The role of photo agencies and commercial visual image banks no longer remains a blind spot in the history of photography. In this fascinating and timely look into two of the largest photographic agencies—the Bettman Archive and Corbis (founded by Bill Gates)—photo archive scholar Estelle Blaschke examines the criteria used in selecting images, how their value is determined and the concept of photography behind “image banks.” Emerging in the beginning of the 20th century to “satisfy the picture-hunger of modern man,” photo agencies transformed photography into a commodity. As catalysts for the picture market and through the creation of systematic collections, these companies shaped our western visual culture. The 1920s, 1930s, and 1990s, in particular, ushered a paradigm shift in the economy of the medium, marked by major technological developments and the rise of new markets.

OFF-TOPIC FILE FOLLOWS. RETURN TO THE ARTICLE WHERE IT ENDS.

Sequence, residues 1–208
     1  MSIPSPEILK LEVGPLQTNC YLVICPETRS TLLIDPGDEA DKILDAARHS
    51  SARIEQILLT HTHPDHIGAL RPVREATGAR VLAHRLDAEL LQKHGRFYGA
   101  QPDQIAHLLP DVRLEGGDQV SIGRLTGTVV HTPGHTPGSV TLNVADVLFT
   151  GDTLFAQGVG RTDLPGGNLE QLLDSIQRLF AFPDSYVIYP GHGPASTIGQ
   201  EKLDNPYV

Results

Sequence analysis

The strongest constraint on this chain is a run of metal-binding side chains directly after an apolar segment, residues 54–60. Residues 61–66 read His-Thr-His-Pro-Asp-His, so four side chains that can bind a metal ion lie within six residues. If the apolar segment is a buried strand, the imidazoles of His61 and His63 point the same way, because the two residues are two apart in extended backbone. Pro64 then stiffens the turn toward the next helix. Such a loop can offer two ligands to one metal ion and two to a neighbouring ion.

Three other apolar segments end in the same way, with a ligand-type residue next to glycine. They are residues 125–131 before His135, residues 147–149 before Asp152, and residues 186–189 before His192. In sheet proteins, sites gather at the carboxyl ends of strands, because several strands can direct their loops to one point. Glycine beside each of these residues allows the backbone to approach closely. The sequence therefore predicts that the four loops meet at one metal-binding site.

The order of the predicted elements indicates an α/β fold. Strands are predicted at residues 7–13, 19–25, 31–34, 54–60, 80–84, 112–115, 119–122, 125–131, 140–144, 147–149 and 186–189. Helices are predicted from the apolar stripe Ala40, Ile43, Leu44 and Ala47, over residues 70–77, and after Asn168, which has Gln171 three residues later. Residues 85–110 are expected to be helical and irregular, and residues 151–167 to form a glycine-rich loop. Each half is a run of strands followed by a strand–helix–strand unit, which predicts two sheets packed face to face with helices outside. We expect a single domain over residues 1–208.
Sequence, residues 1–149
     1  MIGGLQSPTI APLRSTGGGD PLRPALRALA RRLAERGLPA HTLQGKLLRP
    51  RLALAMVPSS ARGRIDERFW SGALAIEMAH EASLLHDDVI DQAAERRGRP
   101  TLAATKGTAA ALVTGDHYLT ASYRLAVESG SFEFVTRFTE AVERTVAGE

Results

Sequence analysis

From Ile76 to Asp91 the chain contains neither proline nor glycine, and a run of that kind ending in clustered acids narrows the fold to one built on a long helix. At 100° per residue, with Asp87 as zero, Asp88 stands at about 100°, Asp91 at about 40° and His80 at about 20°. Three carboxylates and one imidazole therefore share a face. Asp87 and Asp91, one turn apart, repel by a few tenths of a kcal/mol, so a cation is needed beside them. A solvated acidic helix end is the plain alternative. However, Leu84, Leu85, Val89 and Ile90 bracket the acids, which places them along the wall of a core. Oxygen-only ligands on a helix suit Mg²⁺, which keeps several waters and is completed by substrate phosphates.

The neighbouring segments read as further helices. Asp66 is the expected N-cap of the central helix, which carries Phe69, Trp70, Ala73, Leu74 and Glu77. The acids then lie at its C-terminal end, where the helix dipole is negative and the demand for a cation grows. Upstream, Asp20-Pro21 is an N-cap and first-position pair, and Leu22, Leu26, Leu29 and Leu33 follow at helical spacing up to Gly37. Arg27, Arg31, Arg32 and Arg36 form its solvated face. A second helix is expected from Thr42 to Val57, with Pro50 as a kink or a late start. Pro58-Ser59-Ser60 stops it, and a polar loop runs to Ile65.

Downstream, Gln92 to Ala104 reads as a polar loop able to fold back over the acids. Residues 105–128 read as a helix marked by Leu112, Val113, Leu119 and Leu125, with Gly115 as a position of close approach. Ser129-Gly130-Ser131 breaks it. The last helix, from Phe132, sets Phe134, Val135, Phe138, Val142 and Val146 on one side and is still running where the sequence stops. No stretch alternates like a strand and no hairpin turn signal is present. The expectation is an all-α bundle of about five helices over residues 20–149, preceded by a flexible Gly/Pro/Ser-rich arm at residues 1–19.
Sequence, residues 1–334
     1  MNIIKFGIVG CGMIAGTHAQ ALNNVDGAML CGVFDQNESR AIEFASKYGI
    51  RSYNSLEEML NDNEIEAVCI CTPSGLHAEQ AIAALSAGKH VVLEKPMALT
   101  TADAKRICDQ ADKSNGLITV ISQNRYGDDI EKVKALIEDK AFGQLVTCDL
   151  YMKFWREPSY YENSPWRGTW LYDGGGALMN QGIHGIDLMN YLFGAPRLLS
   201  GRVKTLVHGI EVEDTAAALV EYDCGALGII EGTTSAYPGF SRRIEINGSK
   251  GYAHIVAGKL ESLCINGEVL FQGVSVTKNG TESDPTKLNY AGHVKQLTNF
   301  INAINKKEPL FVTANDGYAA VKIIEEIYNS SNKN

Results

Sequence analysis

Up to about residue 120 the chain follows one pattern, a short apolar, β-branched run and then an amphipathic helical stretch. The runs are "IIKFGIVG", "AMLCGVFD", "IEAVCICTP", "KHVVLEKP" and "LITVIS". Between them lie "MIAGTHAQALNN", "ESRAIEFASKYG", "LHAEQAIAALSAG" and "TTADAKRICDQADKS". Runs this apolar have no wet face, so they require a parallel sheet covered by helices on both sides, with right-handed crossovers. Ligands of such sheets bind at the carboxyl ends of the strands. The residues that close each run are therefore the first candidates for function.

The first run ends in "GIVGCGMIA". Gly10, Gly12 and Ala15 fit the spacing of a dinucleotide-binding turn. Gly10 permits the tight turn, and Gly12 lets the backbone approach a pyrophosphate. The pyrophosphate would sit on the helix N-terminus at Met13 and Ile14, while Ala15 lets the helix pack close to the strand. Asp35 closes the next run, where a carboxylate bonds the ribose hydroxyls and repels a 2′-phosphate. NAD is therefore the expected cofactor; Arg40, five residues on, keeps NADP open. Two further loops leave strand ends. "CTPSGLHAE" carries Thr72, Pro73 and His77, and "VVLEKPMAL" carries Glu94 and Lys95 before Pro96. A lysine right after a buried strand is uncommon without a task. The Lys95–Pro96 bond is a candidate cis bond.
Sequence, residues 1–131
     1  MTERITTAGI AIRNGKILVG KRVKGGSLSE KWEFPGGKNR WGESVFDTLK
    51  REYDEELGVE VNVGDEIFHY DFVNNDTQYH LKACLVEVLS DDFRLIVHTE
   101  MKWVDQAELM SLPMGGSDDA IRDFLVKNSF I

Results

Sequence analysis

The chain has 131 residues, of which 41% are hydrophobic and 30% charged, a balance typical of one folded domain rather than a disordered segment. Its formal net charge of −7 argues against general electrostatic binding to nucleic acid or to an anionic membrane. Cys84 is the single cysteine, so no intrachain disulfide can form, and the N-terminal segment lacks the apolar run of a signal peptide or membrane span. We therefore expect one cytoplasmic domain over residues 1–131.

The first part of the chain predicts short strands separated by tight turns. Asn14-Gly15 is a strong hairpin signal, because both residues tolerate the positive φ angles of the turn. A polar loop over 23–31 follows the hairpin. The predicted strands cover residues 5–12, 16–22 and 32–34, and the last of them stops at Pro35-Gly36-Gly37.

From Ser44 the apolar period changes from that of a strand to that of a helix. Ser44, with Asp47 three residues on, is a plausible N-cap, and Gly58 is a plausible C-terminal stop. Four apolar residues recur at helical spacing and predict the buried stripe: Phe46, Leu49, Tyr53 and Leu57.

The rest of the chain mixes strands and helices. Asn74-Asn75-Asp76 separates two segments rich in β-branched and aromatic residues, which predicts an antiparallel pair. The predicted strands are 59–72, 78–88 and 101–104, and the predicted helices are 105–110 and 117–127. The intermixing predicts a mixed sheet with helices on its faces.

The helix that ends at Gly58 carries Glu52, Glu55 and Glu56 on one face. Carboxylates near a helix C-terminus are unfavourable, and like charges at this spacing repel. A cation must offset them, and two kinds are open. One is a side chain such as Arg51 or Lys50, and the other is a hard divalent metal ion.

Softcover, Perfect Bound, 224 pages, 6.25 inches x 9.5 inches, 2015.